Friday, May 1, 2015

Spyder's Burner: Character Burning

Character burning for Burning Wheel is a very involved process. It's exhausting and takes a toll on the players, much like session game-play of Burning Wheel. After being in five games (ran four played in one) I found a weird trend: that first, exhausting session of gameplay was never really referenced for the rest of the game. And each time it's felt like such a waste, cause so much time was spent on making the character, so much effort went in to making this character's history, and how much do the players have to show for it?

Well, in my games? Nothing.

As I pondered the problem I looked at the way my group did character burning. We just put the lifepaths together after some talk about the characters and the situation, and that was it. It was a solely mechanical affair and I sure as hell never took notes. No wonder none of it mattered, we hadn't made it matter! A game about character progression and we never bothered to track their pasts, even a little bit. Now Burning Wheel says to not detail out the backstory too much, so I'm not talking about all of it, but the broad strokes can't hurt.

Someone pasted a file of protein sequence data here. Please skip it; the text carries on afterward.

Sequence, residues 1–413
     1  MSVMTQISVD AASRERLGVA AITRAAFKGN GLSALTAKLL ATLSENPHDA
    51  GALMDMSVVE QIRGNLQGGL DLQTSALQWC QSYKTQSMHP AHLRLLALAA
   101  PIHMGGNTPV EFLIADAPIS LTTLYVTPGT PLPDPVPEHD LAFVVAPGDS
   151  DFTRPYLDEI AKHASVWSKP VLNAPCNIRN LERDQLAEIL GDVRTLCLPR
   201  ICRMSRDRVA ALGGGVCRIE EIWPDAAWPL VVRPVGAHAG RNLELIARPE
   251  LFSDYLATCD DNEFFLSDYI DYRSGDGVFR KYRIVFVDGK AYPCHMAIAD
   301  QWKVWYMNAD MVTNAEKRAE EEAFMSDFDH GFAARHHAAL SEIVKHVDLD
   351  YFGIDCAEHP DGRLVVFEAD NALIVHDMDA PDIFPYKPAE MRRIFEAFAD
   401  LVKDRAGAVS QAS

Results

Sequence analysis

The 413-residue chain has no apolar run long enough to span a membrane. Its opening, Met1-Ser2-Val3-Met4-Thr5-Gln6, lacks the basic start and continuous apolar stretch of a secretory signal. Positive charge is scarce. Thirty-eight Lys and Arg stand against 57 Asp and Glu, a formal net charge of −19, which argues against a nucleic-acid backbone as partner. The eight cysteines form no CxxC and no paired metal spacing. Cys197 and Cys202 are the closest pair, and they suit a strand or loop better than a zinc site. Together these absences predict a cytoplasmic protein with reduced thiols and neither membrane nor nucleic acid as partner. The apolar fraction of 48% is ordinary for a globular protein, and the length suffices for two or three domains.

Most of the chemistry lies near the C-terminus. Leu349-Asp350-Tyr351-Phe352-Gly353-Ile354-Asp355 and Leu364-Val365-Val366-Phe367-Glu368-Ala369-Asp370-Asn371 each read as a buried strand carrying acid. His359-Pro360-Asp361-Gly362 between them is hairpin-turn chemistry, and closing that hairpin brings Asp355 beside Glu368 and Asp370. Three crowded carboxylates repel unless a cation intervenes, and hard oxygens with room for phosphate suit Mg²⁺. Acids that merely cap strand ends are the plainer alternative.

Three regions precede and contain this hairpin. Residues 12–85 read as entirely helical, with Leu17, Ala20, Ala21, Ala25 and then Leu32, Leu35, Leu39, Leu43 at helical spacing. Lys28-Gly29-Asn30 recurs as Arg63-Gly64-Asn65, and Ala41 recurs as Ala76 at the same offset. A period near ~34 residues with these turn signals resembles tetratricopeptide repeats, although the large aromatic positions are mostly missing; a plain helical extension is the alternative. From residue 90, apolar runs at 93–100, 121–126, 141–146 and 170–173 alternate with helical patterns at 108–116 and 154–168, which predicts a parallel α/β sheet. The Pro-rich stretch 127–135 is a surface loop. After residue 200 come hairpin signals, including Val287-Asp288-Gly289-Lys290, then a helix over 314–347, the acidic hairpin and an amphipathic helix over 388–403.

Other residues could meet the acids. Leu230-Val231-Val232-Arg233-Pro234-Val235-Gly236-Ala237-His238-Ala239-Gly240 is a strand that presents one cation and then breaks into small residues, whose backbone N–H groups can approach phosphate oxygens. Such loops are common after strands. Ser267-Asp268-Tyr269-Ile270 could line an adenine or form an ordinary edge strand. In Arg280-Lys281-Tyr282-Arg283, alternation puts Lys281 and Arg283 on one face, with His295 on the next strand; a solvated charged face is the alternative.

And then I thought about it another way. Alot of long novels, like the Count of Monte Cristo, Game of Thrones, and The Brothers Karamazov start with a short biography on what the character's been up to right until this point in the novel, explaining the psychology of the character so everyone knows what they're getting themselves into as they start the story. And that's exactly what the first session could be: the explanation of where everyone's been up to this point.

So here's what I want to do the next time we burn up characters:

  1. Ask questions! "Who was the knight who you were a squire for?" "How did you wind up becoming an assistant for the court?"
  2. WRITE THE ANSWERS DOWN, both of you! There's a notes section in the character portfolio, make ample use of it. Note important persons from the past, why you stopped being the town baker and joined the army, things of that nature. Don't make answers, make questions that can be resolved later. 
  3. Ask how big of an impact the character's decisions have had on those around him. Mandate reputations and affiliations to match.
  4. Ask even more questions. Consider different angles on the characters' actions. Could they be the villain in someone else's story already? A hero? Write down more.
The focus would be to develop a persona with the player, a person who lives, breathes, and has bled. The mechanics should back up the story and the story should generate mechanics. Here's hoping that during the next campaign I can fix the problem. The first session is the beginning of the characters' story. Everyone should know what's going on.

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